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Demographic statistics in defensive decisions

Author(s): Bolinger, Renee

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Abstract: A popular informal argument suggests that statistics about the preponderance of criminal involvement among particular demographic groups partially justify others in making defensive mistakes against members of the group. One could worry that evidence-relative accounts of moral rights vindicate this argument. After constructing the strongest form of this objection, I offer several replies: (i) most demographic statistics face an unmet challenge from reference class problems, (ii) even those that meet it fail to ground non-negligible conditional probabilities, (iii) even if they did, they introduce new costs likely to cancel out any justificatory contribution of the statistic, but (iv) even if they didn’t, demographic facts are the wrong sort to make a moral difference to agents’ negative rights. I conclude that the popular argument should be rejected, and evidence-relative theories do not have the worrisome implication.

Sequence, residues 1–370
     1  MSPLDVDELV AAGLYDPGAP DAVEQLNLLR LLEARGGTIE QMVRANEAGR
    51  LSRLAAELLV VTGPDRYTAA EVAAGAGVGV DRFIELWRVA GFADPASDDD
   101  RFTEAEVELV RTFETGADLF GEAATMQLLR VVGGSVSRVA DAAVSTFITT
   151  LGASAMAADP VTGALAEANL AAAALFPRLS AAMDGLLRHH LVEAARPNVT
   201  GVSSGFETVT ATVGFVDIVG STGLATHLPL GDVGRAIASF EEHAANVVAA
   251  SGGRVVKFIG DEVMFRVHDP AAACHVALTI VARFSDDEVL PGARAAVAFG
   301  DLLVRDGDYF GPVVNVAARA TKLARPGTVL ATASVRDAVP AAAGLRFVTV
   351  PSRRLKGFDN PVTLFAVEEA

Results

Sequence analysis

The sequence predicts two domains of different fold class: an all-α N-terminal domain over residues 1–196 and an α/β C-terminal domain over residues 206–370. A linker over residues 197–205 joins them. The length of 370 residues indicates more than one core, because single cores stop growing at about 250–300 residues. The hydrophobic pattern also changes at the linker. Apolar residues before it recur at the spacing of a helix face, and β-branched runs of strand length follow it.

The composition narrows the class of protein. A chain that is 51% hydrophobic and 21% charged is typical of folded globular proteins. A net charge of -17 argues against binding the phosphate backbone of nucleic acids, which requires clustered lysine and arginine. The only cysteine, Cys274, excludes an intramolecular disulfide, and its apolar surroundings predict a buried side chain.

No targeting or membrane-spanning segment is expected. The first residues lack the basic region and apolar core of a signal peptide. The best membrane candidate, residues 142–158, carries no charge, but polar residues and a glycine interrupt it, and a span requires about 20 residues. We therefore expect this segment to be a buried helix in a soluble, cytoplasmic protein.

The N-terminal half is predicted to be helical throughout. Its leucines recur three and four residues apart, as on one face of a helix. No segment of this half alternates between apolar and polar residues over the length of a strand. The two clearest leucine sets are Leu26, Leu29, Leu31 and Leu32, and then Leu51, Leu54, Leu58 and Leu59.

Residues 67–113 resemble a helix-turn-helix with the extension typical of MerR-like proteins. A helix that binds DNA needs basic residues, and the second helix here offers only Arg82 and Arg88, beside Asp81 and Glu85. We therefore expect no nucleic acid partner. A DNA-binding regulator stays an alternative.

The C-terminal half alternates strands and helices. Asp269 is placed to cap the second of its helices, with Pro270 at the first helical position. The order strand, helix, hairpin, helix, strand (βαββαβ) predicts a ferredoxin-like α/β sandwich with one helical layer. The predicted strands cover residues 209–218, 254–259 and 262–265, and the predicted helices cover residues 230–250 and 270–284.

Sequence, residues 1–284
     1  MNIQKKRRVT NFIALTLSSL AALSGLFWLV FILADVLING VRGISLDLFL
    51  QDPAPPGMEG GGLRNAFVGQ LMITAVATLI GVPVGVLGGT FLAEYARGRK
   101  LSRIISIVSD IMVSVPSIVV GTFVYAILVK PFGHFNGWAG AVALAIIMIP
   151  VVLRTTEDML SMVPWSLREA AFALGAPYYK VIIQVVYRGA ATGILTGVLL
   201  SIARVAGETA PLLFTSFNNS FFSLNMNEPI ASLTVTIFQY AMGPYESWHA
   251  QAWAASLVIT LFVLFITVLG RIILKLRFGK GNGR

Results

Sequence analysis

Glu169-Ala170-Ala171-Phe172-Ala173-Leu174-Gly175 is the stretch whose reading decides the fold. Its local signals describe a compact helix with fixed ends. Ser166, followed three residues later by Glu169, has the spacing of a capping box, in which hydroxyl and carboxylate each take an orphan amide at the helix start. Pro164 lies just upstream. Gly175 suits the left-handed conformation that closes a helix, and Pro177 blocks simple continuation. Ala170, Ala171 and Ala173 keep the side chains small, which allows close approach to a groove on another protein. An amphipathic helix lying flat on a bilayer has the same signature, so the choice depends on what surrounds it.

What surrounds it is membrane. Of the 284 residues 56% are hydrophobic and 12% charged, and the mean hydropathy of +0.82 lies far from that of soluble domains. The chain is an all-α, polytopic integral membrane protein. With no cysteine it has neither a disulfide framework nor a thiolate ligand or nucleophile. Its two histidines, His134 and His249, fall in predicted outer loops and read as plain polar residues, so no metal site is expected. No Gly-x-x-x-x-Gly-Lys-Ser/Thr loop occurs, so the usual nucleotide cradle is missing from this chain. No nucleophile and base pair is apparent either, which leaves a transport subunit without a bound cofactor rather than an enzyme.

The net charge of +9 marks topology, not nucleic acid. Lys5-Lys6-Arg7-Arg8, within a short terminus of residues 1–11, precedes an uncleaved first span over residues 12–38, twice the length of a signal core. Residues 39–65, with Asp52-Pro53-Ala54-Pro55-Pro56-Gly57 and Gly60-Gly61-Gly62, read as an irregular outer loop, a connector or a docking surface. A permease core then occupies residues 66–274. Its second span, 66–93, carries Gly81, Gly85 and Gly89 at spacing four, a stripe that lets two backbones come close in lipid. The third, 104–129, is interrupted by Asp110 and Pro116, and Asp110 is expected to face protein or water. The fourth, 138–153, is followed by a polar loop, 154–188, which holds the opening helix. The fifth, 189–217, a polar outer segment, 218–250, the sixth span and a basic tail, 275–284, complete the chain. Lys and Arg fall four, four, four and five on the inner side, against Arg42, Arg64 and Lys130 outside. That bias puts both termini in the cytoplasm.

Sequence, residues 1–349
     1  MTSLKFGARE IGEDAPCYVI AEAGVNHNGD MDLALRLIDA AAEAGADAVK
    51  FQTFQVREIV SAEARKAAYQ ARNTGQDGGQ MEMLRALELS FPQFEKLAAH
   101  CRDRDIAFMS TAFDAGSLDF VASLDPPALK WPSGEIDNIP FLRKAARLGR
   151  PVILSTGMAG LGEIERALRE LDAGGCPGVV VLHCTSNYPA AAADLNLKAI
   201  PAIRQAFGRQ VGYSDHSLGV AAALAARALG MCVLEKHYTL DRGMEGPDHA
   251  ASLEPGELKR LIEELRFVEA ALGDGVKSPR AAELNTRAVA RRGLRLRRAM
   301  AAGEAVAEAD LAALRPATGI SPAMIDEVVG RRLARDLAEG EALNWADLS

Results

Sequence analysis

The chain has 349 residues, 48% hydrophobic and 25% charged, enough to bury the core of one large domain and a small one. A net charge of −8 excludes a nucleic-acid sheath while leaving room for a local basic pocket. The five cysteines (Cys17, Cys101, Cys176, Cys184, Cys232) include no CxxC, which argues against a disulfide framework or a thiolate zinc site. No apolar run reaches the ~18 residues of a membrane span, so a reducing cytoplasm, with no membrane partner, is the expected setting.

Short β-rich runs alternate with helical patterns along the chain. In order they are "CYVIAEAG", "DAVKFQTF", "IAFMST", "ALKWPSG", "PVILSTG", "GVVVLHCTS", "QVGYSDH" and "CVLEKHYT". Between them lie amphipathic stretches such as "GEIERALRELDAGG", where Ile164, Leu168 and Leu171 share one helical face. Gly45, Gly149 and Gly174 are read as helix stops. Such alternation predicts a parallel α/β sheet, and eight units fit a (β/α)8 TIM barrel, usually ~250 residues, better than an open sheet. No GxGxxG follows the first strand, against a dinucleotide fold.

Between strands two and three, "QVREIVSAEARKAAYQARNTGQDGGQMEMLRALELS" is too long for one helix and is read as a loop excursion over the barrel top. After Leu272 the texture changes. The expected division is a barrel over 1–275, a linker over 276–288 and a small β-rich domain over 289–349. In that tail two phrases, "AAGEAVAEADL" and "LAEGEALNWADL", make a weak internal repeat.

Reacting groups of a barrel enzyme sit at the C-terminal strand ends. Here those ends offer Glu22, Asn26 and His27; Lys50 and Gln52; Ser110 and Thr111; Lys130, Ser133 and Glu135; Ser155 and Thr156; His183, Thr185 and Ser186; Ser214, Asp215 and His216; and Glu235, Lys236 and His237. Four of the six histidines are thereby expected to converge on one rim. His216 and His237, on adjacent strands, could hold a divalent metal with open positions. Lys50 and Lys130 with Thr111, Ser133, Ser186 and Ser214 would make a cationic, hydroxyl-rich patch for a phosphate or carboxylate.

Publication Date: 1-Oct-2019
Citation: Bolinger, Renee. (2019). Demographic statistics in defensive decisions. Synthese, 1 - 18
Pages: 1 - 18
Language: English
Type of Material: Journal Article
Journal/Proceeding Title: Synthese
Version: Final published version. This is an open access article.

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